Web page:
We know from fiat currencies that their value depends on the total amount of money in existence, in other words their total supply. Basic economics tell us: “Scarcity creates value”. The more money and supply, the lower its value (all things being equal). This gets tricky when it comes to a cryptocurrency, as tokens are issued as per a release schedule over time.  

Hence, there is a total supply and a max supply of tokens. The total supply describes the amount of tokens currently in circulation, the max supply the total amount of tokens that would ever be issued in the lifetime of that coin. While the total market cap is based on current supply (total supply), the fully diluted market cap takes the max supply into account. Why does this matter? When evaluating if the current token price is attractive, judging by the market cap of the project, we must consider the total market cap vs. the fully diluted market cap.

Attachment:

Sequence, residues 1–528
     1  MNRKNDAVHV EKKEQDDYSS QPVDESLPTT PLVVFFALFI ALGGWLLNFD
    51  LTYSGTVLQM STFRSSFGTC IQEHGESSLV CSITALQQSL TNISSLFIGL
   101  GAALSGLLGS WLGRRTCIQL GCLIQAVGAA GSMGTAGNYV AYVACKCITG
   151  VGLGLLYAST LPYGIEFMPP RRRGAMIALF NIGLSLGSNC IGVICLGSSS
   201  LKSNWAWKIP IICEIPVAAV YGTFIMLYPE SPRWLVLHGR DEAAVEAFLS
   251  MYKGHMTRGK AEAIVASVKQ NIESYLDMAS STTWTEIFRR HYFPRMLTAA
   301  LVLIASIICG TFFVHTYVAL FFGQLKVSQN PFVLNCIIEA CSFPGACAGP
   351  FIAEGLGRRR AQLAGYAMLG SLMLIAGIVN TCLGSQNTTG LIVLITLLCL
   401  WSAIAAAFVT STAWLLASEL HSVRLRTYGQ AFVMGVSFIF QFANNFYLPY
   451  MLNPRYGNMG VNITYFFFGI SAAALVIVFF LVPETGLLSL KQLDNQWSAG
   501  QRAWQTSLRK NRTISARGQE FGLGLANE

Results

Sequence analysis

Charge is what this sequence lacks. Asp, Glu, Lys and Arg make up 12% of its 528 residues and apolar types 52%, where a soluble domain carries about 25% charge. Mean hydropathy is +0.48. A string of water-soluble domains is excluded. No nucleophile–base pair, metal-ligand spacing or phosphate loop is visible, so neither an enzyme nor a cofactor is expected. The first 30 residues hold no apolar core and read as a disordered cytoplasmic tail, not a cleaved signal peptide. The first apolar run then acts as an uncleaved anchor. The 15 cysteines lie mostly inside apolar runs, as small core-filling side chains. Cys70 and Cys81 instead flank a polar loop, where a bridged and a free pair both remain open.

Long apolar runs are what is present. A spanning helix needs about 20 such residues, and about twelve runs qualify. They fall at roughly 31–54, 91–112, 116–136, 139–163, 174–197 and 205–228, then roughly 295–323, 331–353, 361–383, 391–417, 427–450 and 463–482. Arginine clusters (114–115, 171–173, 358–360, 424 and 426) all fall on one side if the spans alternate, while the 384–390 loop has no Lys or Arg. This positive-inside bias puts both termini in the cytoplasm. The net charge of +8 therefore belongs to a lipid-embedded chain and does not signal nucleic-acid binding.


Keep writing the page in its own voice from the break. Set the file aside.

What may look attractive and cheap at first sight, could prove to be highly inflated when considering the actual max supply in the fully diluted market cap. The bigger the difference between total supply and max supply, the more caution is warranted as future token release could lead to the depreciation of the current market price. 

 4. Whitepaper   

Whitepapers have generally been technical documents in the IT field that describe a new technology, concept or solution in technical detail. In the crypto space, a whitepaper is usually a combination of a business plan and technical whitepaper put into one document, creating the one central and official resource where prospective investors can educate themselves on the project, its team, vision, goals, token economy and the underlying blockchain technology.